Wimbledon's Longest Match Halted After 10 Hours, Will Move Into Third Day

The first-round Wimbledon match between John Isner and Nicolas Mahut already is the longest in tennis history, and will head into its third day.

Play was halted at 9:10 p.m. today tied at 6-4, 3-6, 6-7 (7-9), 7-6 (7-3), 59-59. The match, which also was suspended by darkness yesterday, is 10 hours long -- so far.

“Nothing like this will ever happen again, ever,” Isner, an American, said in a televised interview after the players received a standing ovation from hundreds of fans and players at Court 18. “He’s serving fantastic, I’m serving fantastic.”

The match started yesterday, and was halted at two sets each. It is scheduled to continue tomorrow, starting no earlier than 3:30 p.m. local time.

The longest match had been a six-hour, 33-minute first- round contest at the 2004 French Open between Frenchmen Fabrice Santoro and Arnaud Clement.

That wasn’t the only record to get broken. The 25-year-old Isner and 28-year-old Frenchman Mahut have played 163 games so far, the most in a match. Their 118-game fifth set also is the longest in Grand Slam history.

Isner has served 98 aces, while Mahut has 95. Each has broken Ivo Karlovic’s previous Wimbledon record of 51 aces in a men’s singles match set during the first round in 2005.

“He is a champ,” Mahut said in a televised interview, after the match was suspended. “We are just fighting like we never did before.”

Their final set, which by itself has now lasted 7:06, took more time than the previous longest match played on the London grass courts.

The longest Wimbledon match had been a 6:09 men’s doubles quarterfinal played over two days in 2006 with Mark Knowles of the Bahamas and Daniel Nestor of Canada beating Simon Aspelin of Sweden and Todd Perry of Australia. The longest men’s singles match at Wimbledon had been a 5:28 second-round encounter between Greg Holmes and fellow American Todd Witsken in 1989.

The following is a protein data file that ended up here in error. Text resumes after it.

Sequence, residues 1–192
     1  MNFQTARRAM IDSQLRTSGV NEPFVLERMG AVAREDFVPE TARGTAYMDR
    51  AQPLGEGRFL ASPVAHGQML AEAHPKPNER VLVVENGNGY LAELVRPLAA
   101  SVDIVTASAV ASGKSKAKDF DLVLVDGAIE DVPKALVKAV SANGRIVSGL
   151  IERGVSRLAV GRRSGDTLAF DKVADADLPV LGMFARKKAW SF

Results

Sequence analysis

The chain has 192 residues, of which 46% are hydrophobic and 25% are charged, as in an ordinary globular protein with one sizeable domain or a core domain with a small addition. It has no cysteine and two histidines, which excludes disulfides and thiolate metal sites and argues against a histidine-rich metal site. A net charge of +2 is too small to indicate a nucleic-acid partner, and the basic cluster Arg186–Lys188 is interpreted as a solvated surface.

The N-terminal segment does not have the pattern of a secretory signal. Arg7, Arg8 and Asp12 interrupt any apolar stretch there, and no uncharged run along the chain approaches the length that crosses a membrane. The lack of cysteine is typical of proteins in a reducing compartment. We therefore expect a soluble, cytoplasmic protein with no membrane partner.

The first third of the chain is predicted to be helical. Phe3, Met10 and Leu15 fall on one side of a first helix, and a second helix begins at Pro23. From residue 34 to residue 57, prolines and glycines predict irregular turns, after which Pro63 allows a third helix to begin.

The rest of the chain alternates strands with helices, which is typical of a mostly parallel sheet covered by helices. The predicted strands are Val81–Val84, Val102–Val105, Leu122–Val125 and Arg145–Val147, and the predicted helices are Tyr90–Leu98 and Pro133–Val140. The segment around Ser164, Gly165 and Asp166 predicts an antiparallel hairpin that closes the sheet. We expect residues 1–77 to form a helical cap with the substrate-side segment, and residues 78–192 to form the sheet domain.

Crowds Pack Court

Crowds gathered around Court 18 as the fifth set reached double digits. By the end of the evening, the small court was packed with fans, photographers, players and media all trying to watch history unfold.

The BBC switched its live coverage to the Isner-Mahut match, even though defending champion Roger Federer was playing on Court 1 at the same time.

“John is barely moving anymore, but he’s still able to produce good serves when he has to,” Federer said in a news conference after beating Serbia’s Ilija Bozoljac in four sets. “It’s so impressive to see. I was watching this. I don’t know if I was crying or laughing. It was too much.”

Mahut took a painkiller from the tournament doctor at 31- 31. The Frenchman, ranked 148th on the ATP World Tour, overcame two match points as he served to stay in the match at 32-33. He’d earlier fended off a match point at 9-10.

Even the scoreboard couldn’t cope, going blank as the men played the 100th game of the fifth set.

‘It’s Amazing’

“It’s amazing,” five-time women’s champion Venus Williams said in a news conference after she beat Russia’s Ekaterina Makarova in straight sets. “It’s a marathon. It’s longer than a marathon.”

“I definitely think there should be doctors out there,” former Wimbledon champion John McEnroe told the BBC as the players got a standing ovation after the changeover at 56-55. “It looks like Isner is about to fall over. I would definitely vote for a tie-break in the fifth set.”

Isner took a bathroom break at 58-58 at 8:56 p.m. as the crowd shouted the names of both players.

Mahut overcame a fourth match point as he served at 58-59, hitting his 95th ace of the match. After that, he went to the umpire, telling him he didn’t want to play anymore because he could no longer see the ball.

With the crowd shouting “We want more, we want more,” officials suspended play.

To contact the reporter on this story: Danielle Rossingh at Wimbledon through the London newsroom at drossingh@bloomberg.net

Press spacebar to pause and continue. Press esc to stop.

Bloomberg reserves the right to remove comments but is under no obligation to do so, or to explain individual moderation decisions.

Please enable JavaScript to view the comments powered by Disqus.